Assistive Technology are a service that employees can access to improve productivity at work and is of particular use if you have a medical condition or disability. If you might need additional support from them then speak to your manager, or Health and Safety Advisor if appropriate. Their services can also be accessed via the University Website or by visiting them at the Service Desk in the Library.

The University also has a team of volunteer Wellbeing Champions who can signpost staff to resources and support services. A list of University Wellbeing Champions can be found here.

Letting your manager know you are unwell

If you are unwell and unable to attend work, it is important that you report your absence to your manager at the earliest opportunity. You need to inform your manager by speaking directly to them, no later than 30 minutes prior your start time (unless other local arrangements have been agreed).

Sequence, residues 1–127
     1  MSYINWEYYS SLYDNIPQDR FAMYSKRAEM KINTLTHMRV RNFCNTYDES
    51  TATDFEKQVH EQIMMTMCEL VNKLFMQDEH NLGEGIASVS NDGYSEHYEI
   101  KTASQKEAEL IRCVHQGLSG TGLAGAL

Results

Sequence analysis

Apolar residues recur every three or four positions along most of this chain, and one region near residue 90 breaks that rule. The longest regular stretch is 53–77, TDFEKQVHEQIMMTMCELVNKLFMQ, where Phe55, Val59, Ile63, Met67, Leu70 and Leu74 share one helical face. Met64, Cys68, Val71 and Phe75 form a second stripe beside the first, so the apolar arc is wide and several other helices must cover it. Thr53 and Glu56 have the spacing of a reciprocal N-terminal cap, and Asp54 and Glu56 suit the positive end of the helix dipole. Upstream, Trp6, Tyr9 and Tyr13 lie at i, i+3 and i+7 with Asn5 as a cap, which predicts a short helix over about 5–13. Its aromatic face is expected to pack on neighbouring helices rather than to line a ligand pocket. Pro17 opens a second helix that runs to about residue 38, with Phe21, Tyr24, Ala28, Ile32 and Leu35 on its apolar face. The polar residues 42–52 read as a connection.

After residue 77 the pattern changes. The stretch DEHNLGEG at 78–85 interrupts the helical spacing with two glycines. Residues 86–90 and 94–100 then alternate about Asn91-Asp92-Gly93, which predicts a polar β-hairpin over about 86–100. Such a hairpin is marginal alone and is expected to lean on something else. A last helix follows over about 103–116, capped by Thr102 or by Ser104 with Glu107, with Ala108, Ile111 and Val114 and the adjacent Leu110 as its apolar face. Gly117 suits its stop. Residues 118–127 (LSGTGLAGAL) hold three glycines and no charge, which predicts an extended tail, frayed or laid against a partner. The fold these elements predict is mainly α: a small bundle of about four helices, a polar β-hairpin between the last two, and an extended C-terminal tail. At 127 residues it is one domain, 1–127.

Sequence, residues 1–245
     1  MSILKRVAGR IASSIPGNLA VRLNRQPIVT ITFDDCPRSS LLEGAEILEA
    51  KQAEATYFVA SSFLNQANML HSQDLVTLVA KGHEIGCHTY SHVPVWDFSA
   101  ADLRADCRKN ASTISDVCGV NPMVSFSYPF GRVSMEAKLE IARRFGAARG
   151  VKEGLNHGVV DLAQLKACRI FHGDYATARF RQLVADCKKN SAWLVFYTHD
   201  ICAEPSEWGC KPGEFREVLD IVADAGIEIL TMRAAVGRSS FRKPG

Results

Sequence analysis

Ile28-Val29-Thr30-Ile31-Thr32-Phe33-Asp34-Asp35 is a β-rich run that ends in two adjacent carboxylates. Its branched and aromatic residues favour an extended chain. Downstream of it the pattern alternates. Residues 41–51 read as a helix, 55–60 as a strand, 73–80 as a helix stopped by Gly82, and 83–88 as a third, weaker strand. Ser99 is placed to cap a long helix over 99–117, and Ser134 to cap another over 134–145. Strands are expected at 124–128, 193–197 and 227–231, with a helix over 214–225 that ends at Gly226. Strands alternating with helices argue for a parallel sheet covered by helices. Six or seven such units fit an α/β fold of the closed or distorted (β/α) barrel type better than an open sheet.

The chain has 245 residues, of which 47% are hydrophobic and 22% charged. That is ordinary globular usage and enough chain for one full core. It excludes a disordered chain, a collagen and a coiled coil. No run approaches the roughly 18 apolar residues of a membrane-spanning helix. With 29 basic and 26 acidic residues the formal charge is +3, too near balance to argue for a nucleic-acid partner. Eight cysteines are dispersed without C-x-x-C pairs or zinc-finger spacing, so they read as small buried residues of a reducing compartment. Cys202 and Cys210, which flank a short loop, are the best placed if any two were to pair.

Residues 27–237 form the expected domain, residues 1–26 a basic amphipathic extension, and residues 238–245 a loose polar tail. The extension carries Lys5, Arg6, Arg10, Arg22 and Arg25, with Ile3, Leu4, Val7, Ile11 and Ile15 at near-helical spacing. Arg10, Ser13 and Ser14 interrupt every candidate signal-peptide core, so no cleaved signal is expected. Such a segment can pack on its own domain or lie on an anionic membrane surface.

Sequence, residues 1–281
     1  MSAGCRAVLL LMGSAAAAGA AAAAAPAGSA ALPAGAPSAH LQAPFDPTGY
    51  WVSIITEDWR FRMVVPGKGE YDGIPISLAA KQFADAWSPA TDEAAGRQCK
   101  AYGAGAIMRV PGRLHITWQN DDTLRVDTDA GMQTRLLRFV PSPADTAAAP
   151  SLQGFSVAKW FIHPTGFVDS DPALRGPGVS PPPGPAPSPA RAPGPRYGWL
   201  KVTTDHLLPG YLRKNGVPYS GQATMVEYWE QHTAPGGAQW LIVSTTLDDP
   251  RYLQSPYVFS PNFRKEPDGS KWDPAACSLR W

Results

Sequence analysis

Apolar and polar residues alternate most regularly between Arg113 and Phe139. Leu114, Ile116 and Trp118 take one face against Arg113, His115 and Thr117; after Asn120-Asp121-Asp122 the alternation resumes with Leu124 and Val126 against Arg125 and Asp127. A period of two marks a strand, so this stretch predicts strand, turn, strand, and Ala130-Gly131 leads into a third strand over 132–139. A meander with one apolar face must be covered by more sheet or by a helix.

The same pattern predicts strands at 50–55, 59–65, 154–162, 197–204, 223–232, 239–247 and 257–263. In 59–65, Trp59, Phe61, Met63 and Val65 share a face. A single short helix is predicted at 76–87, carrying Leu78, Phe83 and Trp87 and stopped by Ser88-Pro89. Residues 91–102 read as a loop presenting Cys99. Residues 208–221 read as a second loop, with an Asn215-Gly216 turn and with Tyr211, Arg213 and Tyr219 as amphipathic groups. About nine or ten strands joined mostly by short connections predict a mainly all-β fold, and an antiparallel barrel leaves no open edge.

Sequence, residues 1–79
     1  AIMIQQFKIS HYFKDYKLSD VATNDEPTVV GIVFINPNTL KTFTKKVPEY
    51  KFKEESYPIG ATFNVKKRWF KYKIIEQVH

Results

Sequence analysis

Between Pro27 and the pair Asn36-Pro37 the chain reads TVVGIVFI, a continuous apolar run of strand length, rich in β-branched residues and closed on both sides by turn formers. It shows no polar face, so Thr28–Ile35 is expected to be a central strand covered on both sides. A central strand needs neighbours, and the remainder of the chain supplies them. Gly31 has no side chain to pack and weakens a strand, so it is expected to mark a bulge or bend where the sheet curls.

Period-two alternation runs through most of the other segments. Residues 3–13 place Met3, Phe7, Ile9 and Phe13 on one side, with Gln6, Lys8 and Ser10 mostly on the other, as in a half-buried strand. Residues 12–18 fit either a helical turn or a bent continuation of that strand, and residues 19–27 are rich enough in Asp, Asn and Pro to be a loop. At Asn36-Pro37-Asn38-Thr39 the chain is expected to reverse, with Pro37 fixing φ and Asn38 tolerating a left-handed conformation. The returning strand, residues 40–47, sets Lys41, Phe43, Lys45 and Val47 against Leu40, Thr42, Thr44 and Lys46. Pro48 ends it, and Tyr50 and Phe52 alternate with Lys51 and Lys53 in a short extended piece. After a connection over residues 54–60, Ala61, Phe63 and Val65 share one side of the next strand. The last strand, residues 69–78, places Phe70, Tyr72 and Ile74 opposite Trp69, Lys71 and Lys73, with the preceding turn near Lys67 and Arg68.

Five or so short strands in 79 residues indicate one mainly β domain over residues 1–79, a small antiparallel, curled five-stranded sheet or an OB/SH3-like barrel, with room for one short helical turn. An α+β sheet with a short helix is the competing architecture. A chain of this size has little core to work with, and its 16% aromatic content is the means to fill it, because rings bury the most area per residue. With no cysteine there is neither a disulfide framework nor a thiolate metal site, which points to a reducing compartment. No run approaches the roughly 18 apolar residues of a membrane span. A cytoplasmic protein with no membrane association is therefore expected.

During this conversation you will be expected to confirm:

  • The reason for your absence
  • The expected duration of the absence and the expected date of return
  • Contact details in the event that you or the department need to contact you
  • If the absence is work related, including any accident at work
  • Any support that you might need to facilitate your return to work

Types of Absence

To manage the attendance of employees most effectively, all sickness related absences under the managing sickness policy fall into one of two categories.